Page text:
Are you present? Or not?
Ferris Bueller’s Day Off (click here for the trailer if you have no clue what I am talking about) may well be the classic analogy for modern life.
Are you here?
Or have you skipped out?
I am a
perhaps addicted complete fan of modern technology. I am one of the few parents who knows more about technology than my children. I love the new stuff. I don’t wait in line to buy a new iPhone when it comes out, but eventually I get there. Tablet? Yes, love and use. Smart phone? Mostly up to date. Apps? In. You tell me about something I should know/download/put on my purchase-wish-list? Yes. eBooks? Check. Blog? You are reading it!
But. But. But.
But this adhesion to technology and communication, this need to get an answer now and not later, this screen blocking me from looking at you…
I was out walking the dog the other day. We have a little loop in the woods where the dog can run unleashed, smell everything, dig after chipmunks or mice or roust out deer, giving them a good chase for a while. It is a slice of heaven. I usually bring my phone when I take the dog in the woods, but I mute it. Just for emergencies, I tell myself.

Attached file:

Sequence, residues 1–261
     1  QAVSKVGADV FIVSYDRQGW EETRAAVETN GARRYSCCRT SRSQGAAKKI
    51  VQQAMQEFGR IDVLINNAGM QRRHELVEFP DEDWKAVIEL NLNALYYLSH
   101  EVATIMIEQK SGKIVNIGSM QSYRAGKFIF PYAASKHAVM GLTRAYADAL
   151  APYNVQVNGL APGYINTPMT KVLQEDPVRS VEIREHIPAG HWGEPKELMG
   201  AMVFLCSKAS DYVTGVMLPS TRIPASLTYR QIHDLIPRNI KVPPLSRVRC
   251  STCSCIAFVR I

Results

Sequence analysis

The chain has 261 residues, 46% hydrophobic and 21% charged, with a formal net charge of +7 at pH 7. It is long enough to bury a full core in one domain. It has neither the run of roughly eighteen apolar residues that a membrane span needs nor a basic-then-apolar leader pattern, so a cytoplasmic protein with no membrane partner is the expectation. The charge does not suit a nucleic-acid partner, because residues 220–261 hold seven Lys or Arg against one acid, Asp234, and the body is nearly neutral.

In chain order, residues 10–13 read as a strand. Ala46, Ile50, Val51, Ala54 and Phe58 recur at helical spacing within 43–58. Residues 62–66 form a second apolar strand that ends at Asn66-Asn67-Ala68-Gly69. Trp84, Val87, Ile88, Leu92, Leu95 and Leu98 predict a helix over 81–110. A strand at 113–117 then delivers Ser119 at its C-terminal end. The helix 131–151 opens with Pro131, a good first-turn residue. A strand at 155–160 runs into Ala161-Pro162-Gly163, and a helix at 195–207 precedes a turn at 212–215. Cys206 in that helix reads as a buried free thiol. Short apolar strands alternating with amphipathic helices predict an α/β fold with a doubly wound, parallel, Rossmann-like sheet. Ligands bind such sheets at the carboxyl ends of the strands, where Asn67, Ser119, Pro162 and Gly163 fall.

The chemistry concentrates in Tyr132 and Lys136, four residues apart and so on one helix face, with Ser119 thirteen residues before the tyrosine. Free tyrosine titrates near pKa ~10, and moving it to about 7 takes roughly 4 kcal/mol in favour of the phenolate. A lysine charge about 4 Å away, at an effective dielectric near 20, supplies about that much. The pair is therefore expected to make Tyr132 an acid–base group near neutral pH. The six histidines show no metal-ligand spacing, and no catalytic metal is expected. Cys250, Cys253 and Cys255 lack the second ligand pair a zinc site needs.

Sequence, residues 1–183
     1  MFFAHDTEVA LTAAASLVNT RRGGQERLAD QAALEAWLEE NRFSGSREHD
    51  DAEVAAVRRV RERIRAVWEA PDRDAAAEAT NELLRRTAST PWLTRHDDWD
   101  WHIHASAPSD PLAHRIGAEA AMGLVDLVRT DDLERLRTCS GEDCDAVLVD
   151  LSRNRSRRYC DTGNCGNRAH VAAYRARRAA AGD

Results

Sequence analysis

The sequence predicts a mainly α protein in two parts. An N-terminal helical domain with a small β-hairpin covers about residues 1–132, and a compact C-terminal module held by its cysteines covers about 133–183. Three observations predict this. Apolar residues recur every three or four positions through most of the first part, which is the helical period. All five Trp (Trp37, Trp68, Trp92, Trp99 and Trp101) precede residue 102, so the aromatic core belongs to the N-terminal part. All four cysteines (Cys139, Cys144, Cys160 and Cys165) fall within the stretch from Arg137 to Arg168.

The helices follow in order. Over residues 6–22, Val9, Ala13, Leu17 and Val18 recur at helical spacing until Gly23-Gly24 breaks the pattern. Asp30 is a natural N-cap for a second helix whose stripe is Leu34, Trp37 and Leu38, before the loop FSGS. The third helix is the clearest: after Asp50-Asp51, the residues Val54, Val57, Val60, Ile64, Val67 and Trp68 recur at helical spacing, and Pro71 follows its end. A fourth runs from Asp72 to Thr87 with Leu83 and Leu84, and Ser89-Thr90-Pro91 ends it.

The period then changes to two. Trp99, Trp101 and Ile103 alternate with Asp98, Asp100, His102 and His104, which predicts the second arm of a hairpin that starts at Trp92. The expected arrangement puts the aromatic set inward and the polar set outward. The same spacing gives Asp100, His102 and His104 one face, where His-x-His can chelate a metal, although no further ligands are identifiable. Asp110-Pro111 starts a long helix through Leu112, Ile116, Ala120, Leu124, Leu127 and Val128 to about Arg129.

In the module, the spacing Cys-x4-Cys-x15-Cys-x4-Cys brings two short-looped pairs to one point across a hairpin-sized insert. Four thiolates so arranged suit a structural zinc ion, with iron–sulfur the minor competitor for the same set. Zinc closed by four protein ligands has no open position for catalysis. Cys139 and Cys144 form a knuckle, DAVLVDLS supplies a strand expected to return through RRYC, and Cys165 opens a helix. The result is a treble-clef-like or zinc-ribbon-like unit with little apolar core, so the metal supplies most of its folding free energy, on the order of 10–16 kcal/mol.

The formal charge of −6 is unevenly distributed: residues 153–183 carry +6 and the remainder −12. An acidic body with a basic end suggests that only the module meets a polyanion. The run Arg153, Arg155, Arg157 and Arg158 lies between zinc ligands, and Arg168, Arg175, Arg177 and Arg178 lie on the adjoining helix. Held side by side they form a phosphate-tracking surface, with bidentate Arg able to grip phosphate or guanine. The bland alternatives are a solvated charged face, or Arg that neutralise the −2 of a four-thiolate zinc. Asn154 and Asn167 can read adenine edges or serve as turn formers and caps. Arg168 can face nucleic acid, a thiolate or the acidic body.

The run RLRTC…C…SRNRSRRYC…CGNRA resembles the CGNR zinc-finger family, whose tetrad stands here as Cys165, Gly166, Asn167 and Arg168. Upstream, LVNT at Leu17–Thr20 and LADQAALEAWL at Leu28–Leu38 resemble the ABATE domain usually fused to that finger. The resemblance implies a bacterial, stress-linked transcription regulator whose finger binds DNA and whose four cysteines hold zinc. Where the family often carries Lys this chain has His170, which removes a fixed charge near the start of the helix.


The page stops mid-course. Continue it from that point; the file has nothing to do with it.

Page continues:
But then after a busy day at work, I pull it out of my pocket and quickly check email. I might think I am being “truer” to the outdoors by – when it’s really important – responding to emails by using the voice recognition and not typing out responses. Daughter in college texts. Teenager wants to talk? You need to be available! Gloves off, stop walking, start typing or speaking oh-so-clearly for voice recognition.
Eventually the dog comes back and looks at me somewhat sideways, in a manner that can only be interpreted as saying,”Really? Really? This cannot wait?”
The dog is right. The future will be ruled by technological innovations, but life will always be about BEING PRESENT.
Goal for the next months: put the technology away and look people in the eye when speaking to them. No more covert checks of email or texts. If it is important, I will say “Excuse me for a moment – I need to take care of this.” Mostly, however, I will take care of “this” when the opportunity for face to face has ended.
Bueller? Bueller? Bueller?